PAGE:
About the Author:

Carolyn Mallory grew up in northern Ontario, raised her three children in Nunavut, and has always considered herself a northern girl. She is the co-author of Common Plants of Nunavut and the author of Common Insects of Nunavut. She now lives in Nova Scotia with her dogs, cats, lizard, gerbils, frogs, fish, and a house-pig named Stella.Amei Zhao works in visual development and production design for TV and feature animation.

Disclosure:  I was sent a review copy from the vendor in exchange for an honest review. All views shared are mine and mine alone.

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Family Tragedies & How To Survive Them

There is an interesting twofold nature to a family being struck by tragedy. Firstly, it is likely that there are more elegant solutions to the problem at hand than you might at first imagine. This alone is comforting. Secondly, more often than not such situations do have a way of uniting the individual members within that family, and such unity is often desired anyway. Even so, of course, nobody wishes tragedy on anybody’s family, and if you are currently undergoing such a time then it is natural to feel utterly inconsolable. Irregardless, however, it’s important to try and focus - as a group, together - on what you might be able to do to move ahead. This could mean taking bold steps, or just sitting and licking your wounds collectively for a time. But you need to have some kind of an action plan if you are to come out the other side of your tragedy, refreshed and ready to face life again.

Being The Support For Each Other

Probably the most important thing to remember during such a time is to try and continue to be a huge support for each other. As long as you are able to do that, you will all individually and collectively find it much easier to see the light - and to get through it to the end of the tunnel in one piece. Clearly, we run into a problem here which needs addressing immediately; namely, that in order to be supportive for each other, you need to feel within yourself able to do so. That can be more than a little challenging when you yourself are going through a particularly harrowing or troublesome time. But there are two things to note here in order to make this process seemingly easier. Firstly, it is likely that you will find the strength necessary by virtue of merely being the parent that you are; there is something natural to this which springs through quite easily. Secondly, you will find that once you have started the ball rolling on this, it will become easier to do. Take a moment as a family to try and hold each other up, and you will find that it is the start of what you need to do to carry on as a group.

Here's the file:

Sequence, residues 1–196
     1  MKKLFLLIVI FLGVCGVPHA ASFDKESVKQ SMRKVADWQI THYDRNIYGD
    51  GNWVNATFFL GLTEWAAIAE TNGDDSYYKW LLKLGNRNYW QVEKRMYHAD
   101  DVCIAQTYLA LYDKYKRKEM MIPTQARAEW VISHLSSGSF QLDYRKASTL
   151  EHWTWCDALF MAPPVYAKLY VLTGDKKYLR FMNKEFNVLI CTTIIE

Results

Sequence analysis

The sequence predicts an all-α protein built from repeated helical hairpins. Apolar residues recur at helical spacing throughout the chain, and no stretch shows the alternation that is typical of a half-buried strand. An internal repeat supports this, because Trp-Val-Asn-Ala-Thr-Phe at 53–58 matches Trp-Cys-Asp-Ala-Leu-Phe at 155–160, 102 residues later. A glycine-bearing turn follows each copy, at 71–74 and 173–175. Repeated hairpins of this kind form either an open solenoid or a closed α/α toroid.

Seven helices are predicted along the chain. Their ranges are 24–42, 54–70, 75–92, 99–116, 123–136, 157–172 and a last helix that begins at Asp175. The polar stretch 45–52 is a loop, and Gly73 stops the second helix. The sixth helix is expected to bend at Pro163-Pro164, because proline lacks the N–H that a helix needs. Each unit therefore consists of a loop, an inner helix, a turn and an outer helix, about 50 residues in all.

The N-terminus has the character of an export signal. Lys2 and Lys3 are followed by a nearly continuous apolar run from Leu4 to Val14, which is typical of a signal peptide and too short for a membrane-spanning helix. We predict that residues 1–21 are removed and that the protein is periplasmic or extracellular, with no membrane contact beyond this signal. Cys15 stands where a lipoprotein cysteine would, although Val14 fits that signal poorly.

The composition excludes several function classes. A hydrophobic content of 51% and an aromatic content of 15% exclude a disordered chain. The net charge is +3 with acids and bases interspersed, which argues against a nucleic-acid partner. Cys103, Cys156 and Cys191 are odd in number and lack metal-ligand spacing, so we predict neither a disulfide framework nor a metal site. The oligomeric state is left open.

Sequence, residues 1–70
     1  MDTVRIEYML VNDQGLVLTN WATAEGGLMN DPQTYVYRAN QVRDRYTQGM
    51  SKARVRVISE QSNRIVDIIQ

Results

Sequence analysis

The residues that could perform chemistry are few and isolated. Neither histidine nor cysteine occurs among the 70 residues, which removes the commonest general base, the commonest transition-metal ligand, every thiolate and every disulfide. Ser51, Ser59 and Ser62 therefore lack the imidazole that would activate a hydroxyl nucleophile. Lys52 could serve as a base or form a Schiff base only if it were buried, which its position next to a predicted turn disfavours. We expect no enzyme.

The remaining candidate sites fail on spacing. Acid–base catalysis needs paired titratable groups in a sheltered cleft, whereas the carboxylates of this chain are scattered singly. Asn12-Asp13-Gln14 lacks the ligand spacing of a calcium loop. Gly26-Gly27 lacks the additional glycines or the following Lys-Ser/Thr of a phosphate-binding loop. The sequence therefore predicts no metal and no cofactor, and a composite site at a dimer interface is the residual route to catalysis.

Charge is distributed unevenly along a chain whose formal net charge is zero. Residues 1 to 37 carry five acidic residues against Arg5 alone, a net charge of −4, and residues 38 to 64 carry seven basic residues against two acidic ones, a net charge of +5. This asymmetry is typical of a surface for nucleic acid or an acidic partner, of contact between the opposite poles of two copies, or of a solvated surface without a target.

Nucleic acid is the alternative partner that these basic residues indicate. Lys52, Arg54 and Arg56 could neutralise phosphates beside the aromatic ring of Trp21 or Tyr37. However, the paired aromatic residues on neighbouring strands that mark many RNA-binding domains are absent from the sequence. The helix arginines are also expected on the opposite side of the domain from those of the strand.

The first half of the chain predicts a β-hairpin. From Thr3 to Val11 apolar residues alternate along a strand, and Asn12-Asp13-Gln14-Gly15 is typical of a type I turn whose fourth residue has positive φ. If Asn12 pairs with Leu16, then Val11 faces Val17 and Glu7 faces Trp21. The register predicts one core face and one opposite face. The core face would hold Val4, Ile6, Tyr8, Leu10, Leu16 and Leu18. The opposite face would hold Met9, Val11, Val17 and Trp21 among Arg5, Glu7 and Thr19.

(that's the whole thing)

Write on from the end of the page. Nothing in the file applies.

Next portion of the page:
Focusing On Solutions

In certain cases, arguing that there might be ‘solutions’ at all can seem a little trite. If you have recently lost somebody, for instance, you would argue that there is no solution to be found, besides - as we have already said - being there for each other. But in the vast majority of our human struggles, there are still actions we can take - however small - which can allow us to get through the situation much more easily. Not to mention that we often start to grieve for a situation before we even know for certain that it is definitely a lost cause. You might, let’s say, have gone through the turmoil of trying to bear children, only to discover that you are infertile. Still in that circumstance, there are solutions to consider: consulting with a ConceiveAbilities surrogacy agency, adoption, fostering. By keeping focused on solutions rather than problems, you pave the way for a much more rational and sensible approach to managing whatever life may throw at you.

Looking Ahead